One of the newest additions to the “Intersections” category on my blogroll, LGBT Compassion is a
coalition of San Francisco Bay Area gay animal advocates (and some non-gay friends) working to promote awareness of animal welfare, health, environmental, and civil rights issues within our community – along with any other important social issues that we feel strongly about.
We feel that the LGBT community, having experienced discrimination, oppression and suffering ourselves, having special health issues, and often having unique bonds with companion animals, should be open to learning and helping others who may not be able to speak up for themselves – whether human or non-human.
Their motto: Fighting oppression and discrimination for all. Love it.
I first learned of the group through its investigation into San Francisco’s live animal markets, where chickens are kept and displayed for sale in plastic bags (!). If you haven’t yet, definitely go check ’em out.
When I saw that PETA was campaigning against the pig culls in Egypt, I was excited. Last I checked, the WSPA had reached a standstill with the Egyptian government, which was insisting that the culls had ceased, despite evidence to the contrary. Writing about the issue at change.org, I wanted desperately to offers readers an opportunity to take action. But nada – until now.
When I actually read the sample letter provided by PETA, though, my heart sank. Rather than calling for an end to the culls, PETA asks the government to “Please place a moratorium on the pig cull until guidelines can be put in place to ensure that the killing is as humane as possible.” This despite the fact that the culls are wholly unnecessary – an inefficient way to guard against swine flu. And this comes not from animal advocacy groups, but government experts (such as those at the UN) – who, on the whole, aren’t really known for their animal-friendly views.
Add to the mix the possibility that the culls might have as much to do with religious discrimination as swine flu paranoia, and PETA really dropped the ball here. Not only has the group failed to defend the pigs from slaughter – it also failed to take the majority Muslim government to task for oppressing the minority Christian farmers. PETA even reinforces the government’s bigotry by pleading for a “humane” pig cull at a later date!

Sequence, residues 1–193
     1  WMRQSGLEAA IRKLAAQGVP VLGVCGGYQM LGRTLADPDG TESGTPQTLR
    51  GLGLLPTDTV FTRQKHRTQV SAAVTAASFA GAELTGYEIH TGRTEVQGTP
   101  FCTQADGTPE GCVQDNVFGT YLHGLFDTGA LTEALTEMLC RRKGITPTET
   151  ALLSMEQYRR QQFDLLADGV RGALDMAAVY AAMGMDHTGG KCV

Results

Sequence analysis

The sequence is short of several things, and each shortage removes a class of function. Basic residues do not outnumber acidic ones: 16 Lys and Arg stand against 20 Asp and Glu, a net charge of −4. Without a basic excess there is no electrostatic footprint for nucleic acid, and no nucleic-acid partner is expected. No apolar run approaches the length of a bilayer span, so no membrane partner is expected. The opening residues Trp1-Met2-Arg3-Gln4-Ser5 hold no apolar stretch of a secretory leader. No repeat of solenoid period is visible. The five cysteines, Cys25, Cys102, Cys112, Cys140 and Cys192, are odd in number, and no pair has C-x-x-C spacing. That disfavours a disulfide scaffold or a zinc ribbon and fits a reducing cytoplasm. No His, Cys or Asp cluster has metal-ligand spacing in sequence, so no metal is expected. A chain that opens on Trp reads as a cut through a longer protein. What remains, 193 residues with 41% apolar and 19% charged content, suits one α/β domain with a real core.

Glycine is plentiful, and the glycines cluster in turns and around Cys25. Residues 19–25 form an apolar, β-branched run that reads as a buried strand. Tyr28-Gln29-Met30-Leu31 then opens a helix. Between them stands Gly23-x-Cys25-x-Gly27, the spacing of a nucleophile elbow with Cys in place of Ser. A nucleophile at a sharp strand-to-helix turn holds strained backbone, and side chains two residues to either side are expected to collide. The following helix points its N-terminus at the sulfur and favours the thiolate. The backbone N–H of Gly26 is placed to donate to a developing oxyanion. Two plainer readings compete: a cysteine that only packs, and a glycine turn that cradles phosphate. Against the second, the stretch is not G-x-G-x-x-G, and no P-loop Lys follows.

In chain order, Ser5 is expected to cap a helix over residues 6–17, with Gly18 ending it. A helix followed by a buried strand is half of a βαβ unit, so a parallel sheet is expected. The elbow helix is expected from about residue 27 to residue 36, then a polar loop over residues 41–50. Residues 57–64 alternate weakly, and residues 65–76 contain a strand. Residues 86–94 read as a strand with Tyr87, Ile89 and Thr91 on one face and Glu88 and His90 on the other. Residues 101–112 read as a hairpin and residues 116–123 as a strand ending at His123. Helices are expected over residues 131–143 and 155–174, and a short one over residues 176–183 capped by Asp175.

Oh, with friends like these…
Dead Nude Oysters!
See also: Pig Tails Barbeque for Dead Nude Pigs!
In a larger discussion about a serial cat-killer case in Florida, Mary makes the following observation about cat hatred:
I do find it interesting that there is a subculture we’ve all seen via vicious bumperstickers that attest to the existence of people who hate–and I mean hate–cats and want to see them dead or dying. I also find it interesting that I’ve never heard of a woman among their ranks. I don’t trust people who hate cats because there’s something else going on there. Cats represent something: independence. Cats are slaves to no one, at least according to their reputation, which in my experience holds true. And people who want to kill those they cannot control scare me.
Likewise, cats are the stereotypical companions of lonely, childless (as opposed to free), man-hating, hairy-legged, spinster aunt feminists.* Women who have no need for men, so much so that they’ve opted to live out their lives in the company of cats instead. Women who have broken free of male ownership. Women who are every bit as independent as their “pets.” Like “their” cats, such women are the subject of sadistic, violent hatred, usually from men who resent their freedom.
* (And also gay men, i.e., “less than men.” “Real” men prefer dogs to cats, particularly big, vicious dogs, such as pit bulls and rottweilers. No cats or Pomeranians for the Brawny man, nosiree!)
Faced with opposition from anti-choice groups, researchers at the University of Missouri have decided to forgo (human) embryonic stem cell research in favor of (non-human animal, specifically pig) stem cell research in order to “avoid the controversy altogether.”
In other words, experimenting on cells? Unacceptable! Vivisecting living, breathing, sentient non-human animals? Bring it!
Better than anything else, the “controversy” over embryonic stem cell research illustrates the hypocrisy inherent in the views of so-called “pro-lifers.” Far from being “pro-life,” their concern for cells over the lives of actual living, breathing, post-born, sentient animals – human and non-human alike – reveals their true agenda: sperm worship and the subjugation of women. By lauding mere cells (as well as embryos and fetuses) as important as human lives – indeed, more so – they create a world in which it’s acceptable to hijack the bodies of women in order to gestate and grow these cells. Once the cells develop into post-born babies, “pro-lifers” cease to be concerned with the quality of their lives. (See, for example, right-wing views on welfare reform; SCHIP; and subsidized childhood lunch programs, for starters.)